Laura Ingalls Wilder and The Bloody Benders

Carrie, Mary and Laura Ingalls

Okay, so I thought I knew everything about Laura Ingalls Wilder. Until today. I just read that her family was exposed to The Bloody Bender family when they lived down in Independence, Ks. I guess Laura felt it was inappropriate to include such topic in any of her books, widely distributed for children. This is another reason why they are still categorized as fiction, even though the material she wrote was based on real-life events.

The Benders, for those of you who don't know, were a family of killers who lived along the Osage Trail on southern Kansas. Laura spoke about it in 1937, and the speech was later printed in The Saturday Evening Post.

There was the story of the Bender family that belonged in the third volume, Little House on the Prairie. The Benders lived halfway between it and Independence, Kansas. We stopped there, on our way in to the Little House, while Pa watered the horses and brought us all a drink from the well near the door of the house. I saw Kate Bender standing in the doorway. We did not go in because we could not afford to stop at a tavern.

On his trip to Independence to sell his furs, Pa stopped again for water, but did not go in for the same reason as before.

There were Kate Bender and two men, her brothers, in the family and their tavern was the only place for travelers to stop on the road south from Independence. People disappeared on that road. Leaving Independence and going south they were never heard of again. It was thought they were killed by Indians but no bodies were ever found.

Then it was noticed that the Benders’ garden was always freshly plowed but never planted. People wondered. And then a man came from the east looking for his brother, who was missing.

He made up a party in Independence and they followed the road south, but when they came to the Bender place there was no one there. There were signs of hurried departure and they searched the place.

The front room was divided by a calico curtain against which the dining table stood. On the curtain back of the table were stains about as high as the head of a man when seated. Behind the curtain was a trap door in the floor and beside it lay a heavy hammer.

In the cellar underneath was the body of a man whose head had been crushed by the hammer. It appeared that he had been seated at the table back to the curtain and had been struck from behind it. A grave was partly dug in the garden with a shovel close by. The posse searched the garden and dug up human bones and bodies. One body was that of a little girl who had been buried alive with her murdered parents. The garden was truly a grave-yard kept plowed so it would show no signs. The night of the day the bodies were found a neighbor rode up to our house and talked earnestly with Pa. Pa took his rifle down from its place over the door and said to Ma, “The vigilantes are called out.” Then he saddled a horse and rode away with the neighbor. It was late the next day when he came back and he never told us where he had been. For several years there was more or less a hunt for the Benders and reports that they had been seen here or there. At such times Pa always said in a strange tone of finality, "They will never be found." They were never found and later I formed my own conclusions why.


Doesn't that just give you the creeps? You can see why she'd never include it in a book. But I have to say I'm so intrigued by this that I think I'll go to the bookstore today to see if they have anything to read on this topic. I love Kansas history, even the horrible stuff.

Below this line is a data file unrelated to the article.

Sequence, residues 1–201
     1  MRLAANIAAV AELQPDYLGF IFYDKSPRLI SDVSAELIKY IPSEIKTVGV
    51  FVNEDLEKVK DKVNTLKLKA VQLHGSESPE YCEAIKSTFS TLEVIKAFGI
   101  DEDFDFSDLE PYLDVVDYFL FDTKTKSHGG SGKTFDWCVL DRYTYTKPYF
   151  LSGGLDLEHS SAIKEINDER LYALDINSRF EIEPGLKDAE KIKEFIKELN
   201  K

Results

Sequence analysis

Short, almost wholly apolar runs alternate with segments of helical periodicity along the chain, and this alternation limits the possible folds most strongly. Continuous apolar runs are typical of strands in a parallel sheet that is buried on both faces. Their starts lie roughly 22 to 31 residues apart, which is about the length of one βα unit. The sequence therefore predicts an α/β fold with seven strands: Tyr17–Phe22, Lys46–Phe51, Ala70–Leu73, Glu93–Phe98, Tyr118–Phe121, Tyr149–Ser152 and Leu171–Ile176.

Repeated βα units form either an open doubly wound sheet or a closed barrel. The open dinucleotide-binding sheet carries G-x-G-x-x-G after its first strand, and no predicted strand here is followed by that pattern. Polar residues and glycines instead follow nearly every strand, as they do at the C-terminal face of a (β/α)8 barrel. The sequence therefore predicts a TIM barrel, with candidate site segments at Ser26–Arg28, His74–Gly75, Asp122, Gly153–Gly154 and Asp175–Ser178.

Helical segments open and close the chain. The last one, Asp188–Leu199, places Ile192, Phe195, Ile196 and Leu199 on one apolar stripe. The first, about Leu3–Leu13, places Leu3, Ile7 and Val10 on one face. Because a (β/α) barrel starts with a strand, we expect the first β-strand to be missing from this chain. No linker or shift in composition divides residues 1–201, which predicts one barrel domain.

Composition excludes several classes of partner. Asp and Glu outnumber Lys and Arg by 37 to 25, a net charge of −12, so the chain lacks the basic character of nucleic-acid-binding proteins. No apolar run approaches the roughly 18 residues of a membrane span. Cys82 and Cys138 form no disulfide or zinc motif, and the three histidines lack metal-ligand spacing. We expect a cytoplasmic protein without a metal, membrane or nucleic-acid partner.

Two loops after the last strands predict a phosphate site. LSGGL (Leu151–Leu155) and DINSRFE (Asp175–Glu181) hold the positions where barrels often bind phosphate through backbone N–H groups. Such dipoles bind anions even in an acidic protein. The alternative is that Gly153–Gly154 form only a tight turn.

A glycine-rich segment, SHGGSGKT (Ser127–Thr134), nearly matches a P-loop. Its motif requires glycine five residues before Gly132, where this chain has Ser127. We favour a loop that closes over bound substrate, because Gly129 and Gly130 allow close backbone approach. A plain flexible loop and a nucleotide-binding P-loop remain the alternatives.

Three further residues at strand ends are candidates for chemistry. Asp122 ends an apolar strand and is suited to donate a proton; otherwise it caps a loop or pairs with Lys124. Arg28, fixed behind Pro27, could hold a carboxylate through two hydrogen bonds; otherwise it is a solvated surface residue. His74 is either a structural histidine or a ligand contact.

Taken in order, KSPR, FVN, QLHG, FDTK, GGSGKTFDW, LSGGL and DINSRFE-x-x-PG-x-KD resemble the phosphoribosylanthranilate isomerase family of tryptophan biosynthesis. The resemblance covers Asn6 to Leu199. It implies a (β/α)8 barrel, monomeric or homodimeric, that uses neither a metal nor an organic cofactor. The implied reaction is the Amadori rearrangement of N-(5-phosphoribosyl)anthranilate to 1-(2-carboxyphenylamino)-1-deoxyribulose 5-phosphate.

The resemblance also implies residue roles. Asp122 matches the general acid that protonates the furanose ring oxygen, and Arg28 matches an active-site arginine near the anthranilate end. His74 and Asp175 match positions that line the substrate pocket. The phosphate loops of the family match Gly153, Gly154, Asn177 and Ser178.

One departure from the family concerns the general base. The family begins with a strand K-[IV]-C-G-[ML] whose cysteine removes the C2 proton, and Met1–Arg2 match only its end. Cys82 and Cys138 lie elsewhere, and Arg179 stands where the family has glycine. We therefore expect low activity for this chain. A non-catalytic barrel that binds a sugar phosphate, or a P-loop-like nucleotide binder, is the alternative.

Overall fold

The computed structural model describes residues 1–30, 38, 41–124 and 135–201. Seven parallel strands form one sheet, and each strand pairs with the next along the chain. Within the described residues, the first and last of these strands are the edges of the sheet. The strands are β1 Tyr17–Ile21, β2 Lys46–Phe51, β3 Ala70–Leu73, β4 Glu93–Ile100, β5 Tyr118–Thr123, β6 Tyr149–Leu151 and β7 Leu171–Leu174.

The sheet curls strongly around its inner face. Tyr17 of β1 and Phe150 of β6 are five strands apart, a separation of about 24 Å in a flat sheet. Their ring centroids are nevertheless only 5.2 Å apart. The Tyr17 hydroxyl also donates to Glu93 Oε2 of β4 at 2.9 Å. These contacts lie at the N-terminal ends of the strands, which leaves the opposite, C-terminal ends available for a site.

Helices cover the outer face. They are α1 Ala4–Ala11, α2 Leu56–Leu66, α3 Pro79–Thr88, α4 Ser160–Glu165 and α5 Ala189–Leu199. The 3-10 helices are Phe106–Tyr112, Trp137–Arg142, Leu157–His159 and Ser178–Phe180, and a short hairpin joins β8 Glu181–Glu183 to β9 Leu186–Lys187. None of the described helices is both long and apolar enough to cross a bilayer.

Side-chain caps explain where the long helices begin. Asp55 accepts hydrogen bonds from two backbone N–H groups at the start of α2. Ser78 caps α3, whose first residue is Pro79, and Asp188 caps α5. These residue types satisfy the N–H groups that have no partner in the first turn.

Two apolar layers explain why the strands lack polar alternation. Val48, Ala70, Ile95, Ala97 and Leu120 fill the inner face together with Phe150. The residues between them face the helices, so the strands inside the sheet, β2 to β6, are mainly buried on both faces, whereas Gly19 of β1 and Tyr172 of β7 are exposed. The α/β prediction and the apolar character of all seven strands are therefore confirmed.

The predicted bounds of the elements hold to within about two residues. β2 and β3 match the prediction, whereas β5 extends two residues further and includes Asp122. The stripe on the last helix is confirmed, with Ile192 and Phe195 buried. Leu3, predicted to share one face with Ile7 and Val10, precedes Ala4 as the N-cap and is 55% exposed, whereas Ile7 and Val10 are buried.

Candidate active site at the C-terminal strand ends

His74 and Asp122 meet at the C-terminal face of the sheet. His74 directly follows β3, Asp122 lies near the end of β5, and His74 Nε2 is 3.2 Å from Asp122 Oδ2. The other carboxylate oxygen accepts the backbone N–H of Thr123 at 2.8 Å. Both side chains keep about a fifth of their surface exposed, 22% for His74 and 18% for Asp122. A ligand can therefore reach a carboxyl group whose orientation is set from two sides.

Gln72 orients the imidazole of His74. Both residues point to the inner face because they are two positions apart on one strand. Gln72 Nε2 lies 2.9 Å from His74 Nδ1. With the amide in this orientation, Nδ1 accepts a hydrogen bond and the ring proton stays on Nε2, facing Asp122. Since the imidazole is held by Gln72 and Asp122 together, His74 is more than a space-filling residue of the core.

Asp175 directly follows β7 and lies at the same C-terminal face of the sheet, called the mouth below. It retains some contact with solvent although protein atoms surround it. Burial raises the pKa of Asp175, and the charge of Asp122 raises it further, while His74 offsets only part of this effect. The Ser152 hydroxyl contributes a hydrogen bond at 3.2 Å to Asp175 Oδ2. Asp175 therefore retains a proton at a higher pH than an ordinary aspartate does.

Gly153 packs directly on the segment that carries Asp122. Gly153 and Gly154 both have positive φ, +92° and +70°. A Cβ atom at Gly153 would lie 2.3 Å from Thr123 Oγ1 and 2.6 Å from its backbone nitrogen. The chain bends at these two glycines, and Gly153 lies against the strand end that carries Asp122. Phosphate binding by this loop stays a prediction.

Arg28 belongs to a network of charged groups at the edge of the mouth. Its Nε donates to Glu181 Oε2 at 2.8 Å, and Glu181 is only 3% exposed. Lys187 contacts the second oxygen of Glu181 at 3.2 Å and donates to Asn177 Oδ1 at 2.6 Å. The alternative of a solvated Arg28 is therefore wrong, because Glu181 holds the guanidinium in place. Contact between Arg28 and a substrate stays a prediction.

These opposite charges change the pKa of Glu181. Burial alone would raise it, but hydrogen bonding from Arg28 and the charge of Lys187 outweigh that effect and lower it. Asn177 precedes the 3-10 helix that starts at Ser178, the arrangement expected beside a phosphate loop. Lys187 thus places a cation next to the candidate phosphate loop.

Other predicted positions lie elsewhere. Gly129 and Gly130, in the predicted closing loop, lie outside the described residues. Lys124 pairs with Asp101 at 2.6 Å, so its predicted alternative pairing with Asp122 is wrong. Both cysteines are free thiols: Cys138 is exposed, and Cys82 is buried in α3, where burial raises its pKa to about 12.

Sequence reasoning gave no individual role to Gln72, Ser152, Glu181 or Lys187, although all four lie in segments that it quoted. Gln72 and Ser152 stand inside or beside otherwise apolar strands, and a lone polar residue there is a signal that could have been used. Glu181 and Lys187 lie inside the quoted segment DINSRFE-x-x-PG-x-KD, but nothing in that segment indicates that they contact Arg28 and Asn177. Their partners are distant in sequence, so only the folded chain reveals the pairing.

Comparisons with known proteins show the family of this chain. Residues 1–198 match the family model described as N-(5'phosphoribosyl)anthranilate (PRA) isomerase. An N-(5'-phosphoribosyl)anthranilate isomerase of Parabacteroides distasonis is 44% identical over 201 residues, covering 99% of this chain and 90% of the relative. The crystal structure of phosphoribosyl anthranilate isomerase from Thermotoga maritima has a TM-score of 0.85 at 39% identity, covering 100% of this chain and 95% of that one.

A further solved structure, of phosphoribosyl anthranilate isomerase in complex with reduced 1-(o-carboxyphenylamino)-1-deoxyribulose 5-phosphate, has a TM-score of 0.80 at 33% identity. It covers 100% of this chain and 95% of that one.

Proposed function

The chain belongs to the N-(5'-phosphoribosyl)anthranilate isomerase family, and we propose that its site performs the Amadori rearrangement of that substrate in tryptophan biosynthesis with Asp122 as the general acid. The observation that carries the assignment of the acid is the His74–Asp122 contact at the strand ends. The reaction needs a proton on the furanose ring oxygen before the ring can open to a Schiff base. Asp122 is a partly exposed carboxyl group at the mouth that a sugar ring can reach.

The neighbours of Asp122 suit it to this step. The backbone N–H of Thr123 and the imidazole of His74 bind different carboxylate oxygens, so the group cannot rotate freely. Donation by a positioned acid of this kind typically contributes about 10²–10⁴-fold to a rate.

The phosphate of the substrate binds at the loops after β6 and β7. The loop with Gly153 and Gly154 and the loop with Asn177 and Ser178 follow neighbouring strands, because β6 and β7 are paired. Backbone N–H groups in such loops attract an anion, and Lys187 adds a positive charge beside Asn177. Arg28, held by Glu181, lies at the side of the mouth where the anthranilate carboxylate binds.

Oh! I wanted to point out the last line of Laura's speech, that her father remained mysterious about the Benders' disappearance. It is thought that her father was part of the posse who most likely killed the Bender family for their crimes.

Comments

  1. That's some Criminal Minds shiznit! I can see why it was left out of such a well known story, somethings are just better left not said... or shared at another time. It was neat to learn a little bit more... but now I've got the heebie jeebies. I would hate to know I lived near that!

    ReplyDelete
  2. A very interesting post, and quite frightening. I think it's always best to know the truth, despite how disturbing it often is!

    ReplyDelete
  3. I know. It's a good thing her father had the guts and sensibility to say no. Yuck.

    ReplyDelete
  4. Good story, Amy. Get Cro to tell you about his home town - Brighton - it's full of bloody Benders.

    ReplyDelete
  5. Okay, gulp. I won't be able to sleep all summer now, lol.

    ReplyDelete
  6. Very creepy, but still, I'm very intrigued. :)

    ReplyDelete
  7. I think Mr Stephenson is refering to Kemp Town; sometimes known as Camp Town.

    This story reminds me of the play 'Arsenic and old Lace'.

    ReplyDelete
  8. OK, so my comment just disappeared! I had no idea about any of that, and I'm glad she didn't write about it in her books. I would have been terrified!

    ReplyDelete
  9. Whoa! Never knew that. If you find more information you have to share, or at least let us know the name of the book tha contains it.

    ReplyDelete
  10. Diane, as far as I know, Laura never had a written account of this event. She spoke about it in 1937 I believe, and the above was printed in a Saturday Evening Post many years later.

    This is a good link for the story, coming from a very nice book about The Bender murders. It's a children's book, but people seem to like the content of story and period style etchings. http://www.pioneergirl.com/2007/09/comics-lit.htm

    ReplyDelete
  11. This is one reason why I should stick to fiction! No references, haha.

    ReplyDelete

Post a Comment

Popular Posts